Bank of England raises counter-cyclical capital buffer to 0.5%

Bank of England announced to lenders that it is raising the country’s counter-cyclical capital buffer from 0 to 0.5% to mitigate pressures from increasing consumer credit. The counter-cyclical capital buffer is a requirement on all banks, lenders and investment firms to keep a certain level of capital when credit growth is excessive. To a certain extent, this buffer is able to insulate banks from the cyclical growth and downturns of the economy. Bank of England’s decision reflects its interests in slowing down credit and lending in the British economy.


By raising the counter-cyclical capital buffer to 0.5%, British banks must increase their held capital by over £11.4 billion over the next 18 months. The Bank of England also has the intentions of further increasing the buffer by 0.5% to 1% by the end of 2017 to combat increases in consumer credit and lending. The counter-cyclical buffer has only been used once in the UK, but was quickly revoked due to stagnate economy conditions during the immediate aftermath of Brexit.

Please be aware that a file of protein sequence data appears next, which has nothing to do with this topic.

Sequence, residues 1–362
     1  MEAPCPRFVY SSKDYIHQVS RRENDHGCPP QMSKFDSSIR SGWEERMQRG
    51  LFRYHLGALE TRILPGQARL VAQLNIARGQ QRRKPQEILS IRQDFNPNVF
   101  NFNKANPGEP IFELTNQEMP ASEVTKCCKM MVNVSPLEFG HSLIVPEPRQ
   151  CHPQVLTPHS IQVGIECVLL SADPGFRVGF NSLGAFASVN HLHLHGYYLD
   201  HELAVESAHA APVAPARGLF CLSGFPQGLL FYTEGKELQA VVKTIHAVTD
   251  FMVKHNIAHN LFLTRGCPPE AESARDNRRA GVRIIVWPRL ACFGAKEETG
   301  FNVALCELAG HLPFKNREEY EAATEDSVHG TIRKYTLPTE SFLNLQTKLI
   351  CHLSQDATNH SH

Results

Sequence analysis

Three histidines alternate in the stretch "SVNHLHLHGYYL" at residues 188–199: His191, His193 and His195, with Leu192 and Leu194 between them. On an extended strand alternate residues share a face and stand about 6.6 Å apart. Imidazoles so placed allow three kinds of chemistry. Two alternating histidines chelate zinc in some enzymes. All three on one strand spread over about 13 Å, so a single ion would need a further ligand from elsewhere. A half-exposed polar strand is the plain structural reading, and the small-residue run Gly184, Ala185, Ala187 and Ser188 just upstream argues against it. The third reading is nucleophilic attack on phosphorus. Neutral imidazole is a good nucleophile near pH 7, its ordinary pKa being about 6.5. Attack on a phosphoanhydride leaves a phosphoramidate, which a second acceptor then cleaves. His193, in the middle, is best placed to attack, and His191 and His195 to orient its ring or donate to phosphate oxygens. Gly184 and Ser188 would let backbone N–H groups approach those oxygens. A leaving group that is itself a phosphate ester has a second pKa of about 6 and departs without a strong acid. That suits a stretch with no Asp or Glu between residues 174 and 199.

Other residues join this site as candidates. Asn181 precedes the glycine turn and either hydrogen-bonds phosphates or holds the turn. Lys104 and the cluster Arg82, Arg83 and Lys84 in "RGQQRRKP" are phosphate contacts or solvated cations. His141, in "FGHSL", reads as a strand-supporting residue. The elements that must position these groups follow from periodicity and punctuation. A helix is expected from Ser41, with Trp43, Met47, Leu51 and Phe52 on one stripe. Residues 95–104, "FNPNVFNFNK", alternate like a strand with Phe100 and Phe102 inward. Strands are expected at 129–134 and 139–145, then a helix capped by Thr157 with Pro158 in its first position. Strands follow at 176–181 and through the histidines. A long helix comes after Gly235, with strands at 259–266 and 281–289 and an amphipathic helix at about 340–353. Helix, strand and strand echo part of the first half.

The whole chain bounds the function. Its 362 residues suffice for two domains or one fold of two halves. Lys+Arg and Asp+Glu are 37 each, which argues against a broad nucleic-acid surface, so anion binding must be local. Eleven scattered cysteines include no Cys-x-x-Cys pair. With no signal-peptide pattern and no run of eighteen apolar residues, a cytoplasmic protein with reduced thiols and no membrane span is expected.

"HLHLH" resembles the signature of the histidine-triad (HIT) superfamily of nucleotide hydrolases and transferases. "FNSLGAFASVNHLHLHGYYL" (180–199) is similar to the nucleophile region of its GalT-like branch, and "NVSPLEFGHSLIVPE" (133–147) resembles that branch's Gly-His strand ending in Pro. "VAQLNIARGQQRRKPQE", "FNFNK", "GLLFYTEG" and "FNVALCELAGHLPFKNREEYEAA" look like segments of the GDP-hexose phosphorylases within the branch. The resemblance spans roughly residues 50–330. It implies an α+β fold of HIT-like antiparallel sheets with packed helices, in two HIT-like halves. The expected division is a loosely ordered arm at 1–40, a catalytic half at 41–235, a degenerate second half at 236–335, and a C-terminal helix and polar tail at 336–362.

Bank of England’s Financial Policy Committee warned that there were still pockets of risk in the economy. Previously, it has already expressed concerns that lenders have grown used to benign economic conditions, and thus have loosened their lending standards. Besides increasing the CCyB, the Bank of England also increased the required leverage ratio by 0.5 per cent to 3.5 per cent, which means that banks have to hold a greater amount of capital per asset worth. Furthermore, the Bank has set a sooner date for its stress tests, a series of procedures to ensure lenders are able to withstand more volatile economic conditions when borrowers are unable to repay loans. Although the bank also reviewed restrictions on mortgage lending, such as a limit on how many mortgages can exceed a loan to income ratio above 4.5%, it decided not to increase these restrictions.


Overall, Bank of England’s decision reflects financial instability in the British market, and this instability is caused more so by consumer credit than my mortgage lending. On the other hand, the Central Bank of Ireland chose to maintain Ireland’s counter-cyclical capital buffer a zero this quarter. Although there are concerns regarding overheating in the property market in Ireland, general credit conditions remain stable.


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